Popular lesbian author Lori L. Lake has an interesting essay on pseudonyms and the reasons writers choose to use them. Oddly, she fails to discuss the use of pen names in lesbian mysteries. The omission is even more unusual because “Lori L. Lake” is, in fact, itself the pseudonym of a writer of lesbian mysteries. I don’t know her reason for using a pseudonym, but a number of other lesbian writers are simply afraid to be outed as lesbians, either at work or with their families. Nikki Baker is one of these, as is current superstar Lee Winter.
Then there are other writers—like Lake—who use pseudonyms for reasons unknown: Kate Allen, Radclyffe, Jae, Rose Beecham, Ellen Hart, and on and on. I’m sure that most of these women have good reasons for using false names to write under. But think of how different the reasons must be for a man.
As far as I know, Matt Doyle, who wrote Addict, is the author’s real name. But if that is true, it puts him in a very small category. My research shows that only a few male writers of lesbian mysteries use their real names—not including initials: Charles Atkins (a prolific author with many other books), David Galloway (a supposed literary writer), Mark McNease (whose lesbian sleuth is a spinoff from his popular gay detective series), Samuel L. Steward (whose two books about Gertrude Stein and Alice B. Toklas are as much literary reminiscences as they are mysteries), and Jason Halstead (another prolific author with many titles).
J.T. Langdon and R.E. Conary are also men, but as far as I know, they use their real initials and their real last names. N.H. Avenue also uses initials, but his last name is also not his real one. A pertinent question is this: how many male writers of lesbian mysteries use female pseudonyms, and why? The answer to the first is ‘I don’t know,” and I may never know. But the answer to the second is obvious. Anyone who has read more than a handful of reviews knows 1. that most readers of lesbian mysteries are not only women, but also lesbians and 2. that many—not all and maybe not even most—lesbians want to read books by lesbians about lesbians. Period. They would pass up a lesbian mystery written by a man without even reading the blurb. Truth, folks.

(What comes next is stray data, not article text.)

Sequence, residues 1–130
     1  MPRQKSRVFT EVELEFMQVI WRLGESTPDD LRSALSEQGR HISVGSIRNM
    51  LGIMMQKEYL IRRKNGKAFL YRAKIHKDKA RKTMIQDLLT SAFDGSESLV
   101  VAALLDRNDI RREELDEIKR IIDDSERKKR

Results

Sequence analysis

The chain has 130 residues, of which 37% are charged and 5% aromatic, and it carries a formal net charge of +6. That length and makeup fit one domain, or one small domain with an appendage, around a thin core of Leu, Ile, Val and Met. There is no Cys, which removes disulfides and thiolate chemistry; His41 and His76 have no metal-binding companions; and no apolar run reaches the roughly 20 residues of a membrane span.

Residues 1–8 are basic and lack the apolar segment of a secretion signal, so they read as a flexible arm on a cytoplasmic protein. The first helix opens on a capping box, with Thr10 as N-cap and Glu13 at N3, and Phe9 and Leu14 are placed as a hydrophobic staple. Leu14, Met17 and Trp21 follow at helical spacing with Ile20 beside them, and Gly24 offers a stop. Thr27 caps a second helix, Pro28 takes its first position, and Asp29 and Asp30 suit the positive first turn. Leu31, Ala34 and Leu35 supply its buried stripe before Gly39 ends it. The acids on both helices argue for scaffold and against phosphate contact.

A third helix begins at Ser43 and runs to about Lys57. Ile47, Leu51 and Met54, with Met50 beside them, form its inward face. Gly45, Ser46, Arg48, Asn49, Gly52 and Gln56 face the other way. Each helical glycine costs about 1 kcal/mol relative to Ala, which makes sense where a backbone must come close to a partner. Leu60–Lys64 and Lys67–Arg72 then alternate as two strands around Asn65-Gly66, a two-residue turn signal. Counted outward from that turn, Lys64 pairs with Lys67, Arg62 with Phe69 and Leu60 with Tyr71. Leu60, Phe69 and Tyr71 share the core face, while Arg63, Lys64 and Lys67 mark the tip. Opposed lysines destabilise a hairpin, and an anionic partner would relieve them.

I happen to believe that a good writer can write about either sex. Henry James wrote Daisy Miller, The Princess Cassamassima, and What Maisie Knew.Thomas Hardy wrote Tess of the Durbervilles, George Eliot wrote Silas Marner. I’m sure I don’t have to go any further because the list is endless. There is no reason why a man can’t write good lesbian fiction, but if they want to be rated based on the fiction rather than their gender, it’s probably pays to write under a female pseudonym.
Okay, let’s get to the review. Would my opinion of Addict be different if it were written by someone named Martha Doyle? Probably not, but the faults of the book are more with the story than with the characters. Like Jason Halstead’s Kat Wimple series, Addict is set in the future. Unlike Halstead’s books though, Addict doesn’t really feel like its set in the future. For one thing, his protagonist, Cassie Tam, doesn’t really like modern conveniences; she likes real blinds, for instance and normal furniture. You’ll find very little Blade Runner futureism here. The few futuristic things he mentions, like tech shifting and online addiction, are light on description. Cassie’s “protector,” a robot gargoyle named Bert, night must as well be a man or, as I have seen elsewhere, “a man substitute” whose job is to rescue Cassie. Even the modern city of New Hopeland—which I assume is meant to be something like the new city Elon Musk has envisioned creating—is given short shrift in its description. If something takes place in the future, we are going to need a lot more creation and a lot more description.
The mystery is quite a good one in theory, but on paper it seems overly—and unsatisfactorily—explicated. In other words, it’s hard to figure out what’s actually going on, even if we are told over and over. It’s the old showing instead of telling bugaboo. The author’s explanation of the mystery takes longer to tell than the denouement, and even that is dependent on our old friend, the seemingly normal person who is actually a criminally insane religious fanatic. In addition, the reasoning and execution of the crime is so convoluted that all you can do it blink and turn the page.
And I guess Cassie is a lesbian; she says she is and at the very end of the book she may even think about asking someone out. But again, she is a permutation of another of our old friends, a lesbian on the run from a bad relationship and terrified of being hurt a second time—although in this case, her old relationship is described as a good one and as far as I can tell without rereading, she wasn’t dumped by her ex. Oh well. In any case, the author is content with Cassie not having a real relationship. It is easier that way. Yet again, for lesbian readers this choice is far from satisfactory.
So regardless of the gender of the author, Addict is not something I can recommend. At less than 56,000 words, it is about 20,000 words too short. And those words could have been used to very good advantage to spruce up—and possibly eliminate—the problems.
Note: I received a review copy of this book that was kindly provided by the author in e-book form through Lesbrary.
For over 250 other Lesbian Mystery reviews by Megan Casey, see her website athttp://sites.google.com/site/theartofthelesbianmysterynovel/ or join her Goodreads Lesbian Mystery group at http://www.goodreads.com/group/show/116660-lesbian-mysteries